Posts from October, 2013
As our pets being to age, their health and their veterinary care begins to change. It’s important to know what to expect so you can help your senior pet live out its last years best.
Like us, many senior pets may start to experience the aches and pains of age well before it seems like they should. This can affect their behavior, energy levels, and mobility. The aches and pains can also be systemic of larger health concerns as well, making regular veterinary care a must for aging pets.
When Is My Pet a Senior?
It is commonly accepted that pet’s enter their senior years around 7 years of age. While some pet’s show signs of aging much earlier, and others even later, 7 is the accepted milestone for transitioning pets from traditional adult care and foods into the routines senior pets need to maintain for a healthy longevity.
Signs your pet is aging can include:
- Changes in behavior toward family and strangers
- Decreased mobility
- Noticeable change in hearing or vision
- Lack of interest in favorite activities or toys
- Changes in appetite and water consumption
- Changes in your pet’s sleep patterns
Senior Pet Care: Health and Behavior in Older Dogs and Cats
One of the first signs of age you may notice in your pet is a shift in his or her behavior. Your pet may start eliminating indoors or become irritable, sensitive to touch, and even aggressive in some cases. More often than not the changes in your senior pet’s behavior are a result of a change in his or her health.
Decreased hearing and vision, osteoarthritis, and decreased control of bladder and bowel functions can all play a part in the changes you’re experiencing in your pet’s behavior. Likewise, senior pets can suffer from a form of dementia, as well as other more serious, health issues that can have a negative impact on their behavior as well.
Senior Pet Care: Helping Animals Age Gracefully
At Naperville Animal Hospital, we love senior patients and know how to work with you to give your pet the golden years he or she deserves. We encourage all of our clients to bring their senior pets in for a wellness exam every 6 months and to have diagnostic blood screenings performed annually.
This proactive approach to senior pet wellness not only helps us detect serious health concerns before they escalate, but helps you manage other concerns of aging such as nutrition, exercise, and behavior.
If you have any questions regarding your aging pet’s behavior or health needs, please don’t hesitate to call us. We are always happy to help.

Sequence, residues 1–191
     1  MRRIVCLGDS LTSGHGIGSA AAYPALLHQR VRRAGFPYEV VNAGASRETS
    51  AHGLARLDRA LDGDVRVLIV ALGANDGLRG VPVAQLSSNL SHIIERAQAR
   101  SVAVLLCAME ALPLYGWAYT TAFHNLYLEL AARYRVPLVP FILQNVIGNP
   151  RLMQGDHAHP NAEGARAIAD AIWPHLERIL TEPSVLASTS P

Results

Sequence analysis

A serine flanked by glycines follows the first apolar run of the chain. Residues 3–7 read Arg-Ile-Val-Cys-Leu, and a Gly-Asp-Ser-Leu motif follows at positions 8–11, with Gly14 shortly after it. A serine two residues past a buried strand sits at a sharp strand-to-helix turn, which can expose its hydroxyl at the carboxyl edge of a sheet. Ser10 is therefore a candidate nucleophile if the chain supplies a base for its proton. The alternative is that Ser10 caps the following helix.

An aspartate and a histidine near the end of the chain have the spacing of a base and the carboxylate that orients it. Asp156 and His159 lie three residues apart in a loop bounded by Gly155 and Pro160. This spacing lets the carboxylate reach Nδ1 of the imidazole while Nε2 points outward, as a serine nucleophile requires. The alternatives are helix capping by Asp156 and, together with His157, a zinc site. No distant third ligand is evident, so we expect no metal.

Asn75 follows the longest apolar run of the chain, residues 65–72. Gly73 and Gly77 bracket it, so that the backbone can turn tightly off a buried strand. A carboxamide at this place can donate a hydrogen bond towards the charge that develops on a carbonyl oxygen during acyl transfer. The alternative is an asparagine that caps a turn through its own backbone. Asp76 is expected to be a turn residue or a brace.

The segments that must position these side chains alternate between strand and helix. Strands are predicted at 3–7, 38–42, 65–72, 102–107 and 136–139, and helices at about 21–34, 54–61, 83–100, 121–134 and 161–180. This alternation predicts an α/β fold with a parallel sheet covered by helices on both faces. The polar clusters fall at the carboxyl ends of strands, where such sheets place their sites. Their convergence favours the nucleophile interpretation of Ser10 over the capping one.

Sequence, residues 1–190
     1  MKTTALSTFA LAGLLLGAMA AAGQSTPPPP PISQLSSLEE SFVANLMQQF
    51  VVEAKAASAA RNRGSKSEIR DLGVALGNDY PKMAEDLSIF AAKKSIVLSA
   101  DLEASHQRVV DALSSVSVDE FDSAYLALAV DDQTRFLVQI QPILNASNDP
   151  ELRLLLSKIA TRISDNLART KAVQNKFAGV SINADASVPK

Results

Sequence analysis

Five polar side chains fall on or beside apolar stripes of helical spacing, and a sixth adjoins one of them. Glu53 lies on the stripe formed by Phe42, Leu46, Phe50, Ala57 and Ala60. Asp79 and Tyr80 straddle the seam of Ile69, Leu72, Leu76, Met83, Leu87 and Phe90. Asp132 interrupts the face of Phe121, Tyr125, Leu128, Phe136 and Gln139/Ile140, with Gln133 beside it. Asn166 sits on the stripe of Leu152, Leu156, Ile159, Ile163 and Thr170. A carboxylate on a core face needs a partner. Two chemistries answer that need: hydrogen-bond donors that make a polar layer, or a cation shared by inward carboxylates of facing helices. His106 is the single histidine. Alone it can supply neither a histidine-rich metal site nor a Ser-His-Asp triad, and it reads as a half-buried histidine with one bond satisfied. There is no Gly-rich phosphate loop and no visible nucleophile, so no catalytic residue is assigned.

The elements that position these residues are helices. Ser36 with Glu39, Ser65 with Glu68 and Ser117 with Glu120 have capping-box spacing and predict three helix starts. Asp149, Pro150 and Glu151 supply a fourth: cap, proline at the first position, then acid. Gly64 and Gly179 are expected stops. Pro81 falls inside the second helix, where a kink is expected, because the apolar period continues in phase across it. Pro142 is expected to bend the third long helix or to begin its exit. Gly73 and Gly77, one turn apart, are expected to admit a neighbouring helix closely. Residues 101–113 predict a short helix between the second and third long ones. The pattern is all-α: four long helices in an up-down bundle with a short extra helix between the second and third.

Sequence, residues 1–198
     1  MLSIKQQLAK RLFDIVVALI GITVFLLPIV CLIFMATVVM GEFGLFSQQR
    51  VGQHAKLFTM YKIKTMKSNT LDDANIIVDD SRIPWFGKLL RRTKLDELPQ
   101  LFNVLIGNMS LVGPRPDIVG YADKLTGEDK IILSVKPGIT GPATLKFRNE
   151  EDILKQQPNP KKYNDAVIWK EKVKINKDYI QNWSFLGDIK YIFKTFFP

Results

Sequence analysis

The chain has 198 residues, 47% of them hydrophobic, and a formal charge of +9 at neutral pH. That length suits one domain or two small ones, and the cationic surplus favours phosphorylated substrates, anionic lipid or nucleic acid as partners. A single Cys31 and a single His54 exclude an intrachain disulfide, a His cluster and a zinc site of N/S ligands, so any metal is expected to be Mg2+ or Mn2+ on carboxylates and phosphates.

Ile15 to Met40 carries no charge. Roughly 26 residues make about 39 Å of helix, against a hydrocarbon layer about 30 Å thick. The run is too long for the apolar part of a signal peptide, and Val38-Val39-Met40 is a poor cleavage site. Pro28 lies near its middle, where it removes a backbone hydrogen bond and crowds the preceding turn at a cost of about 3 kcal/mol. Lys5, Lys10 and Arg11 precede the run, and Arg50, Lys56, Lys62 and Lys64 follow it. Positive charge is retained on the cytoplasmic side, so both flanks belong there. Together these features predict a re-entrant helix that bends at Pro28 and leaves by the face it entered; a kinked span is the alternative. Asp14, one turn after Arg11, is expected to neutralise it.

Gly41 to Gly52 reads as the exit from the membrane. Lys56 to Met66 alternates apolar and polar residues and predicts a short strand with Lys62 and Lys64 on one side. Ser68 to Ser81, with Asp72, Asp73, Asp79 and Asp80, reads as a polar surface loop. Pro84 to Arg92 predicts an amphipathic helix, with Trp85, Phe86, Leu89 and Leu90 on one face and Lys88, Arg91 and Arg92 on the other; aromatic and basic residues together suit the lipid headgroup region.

The black cat is often displayed as a symbol of Halloween, but cats and Halloween don’t always go together so well. In fact, the holiday is full of dangers for the average house cat. Continue…
Did you realize that, besides your veterinarian, there is another important member of your pet’s health care team that does a lot of the behind-the-scenes work? Veterinary technicians are an integral part of your pet’s care, and they deserve to be recognized.
The National Association of Veterinary Technicians in America (NAVTA) has proclaimed the third week in October to be National Veterinary Technician Week, and we are proud to celebrate this week.
“Technicians are an integral part of the veterinary healthcare team, and celebrating National Veterinary Technician Week gives them the credit they deserve. It also provides an opportunity to teach the public about what veterinary technicians do on a daily basis,” said Sandy Sponaugle, NAVTA Communications Director.
This week helps us to recognize veterinary technicians for their contributions in pet healthcare.
What is a vet tech?
Veterinary technicians are highly trained and dedicated members of the veterinary team. Having completed a degree in veterinary technology as well as passing a national board examination and maintaining continuing education requirements, vet techs are also very educated.
What does a vet tech do?
We consider our veterinary technicians to be the backbone of our practice. They are a huge part of providing the best care possible to your pets. They are responsible for the care and nursing of sick or injured patients, performing laboratory testing, taking radiographs (X-rays), assisting with anesthesia, administering medications and therapies to patients, and performing dental cleanings. They are also hugely involved in the education of pet owners on various topics.
Needless to say, our veterinary technicians play a tremendous role in the day-to-day functioning of our veterinary practice. They are an essential part of keeping the hospital running smoothly and are very important in caring for the pets that enter our doors.
Thank you to our veterinary technicians insert names here. We don’t know what we would do without you!
Planning Your Visit
During our open hours, please call us at 630-355-5300 from the parking lot. You and your pet will both be able to come into the clinic when it is your turn. Please be patient with the busy phones, and there may be a wait, but you will be seen.
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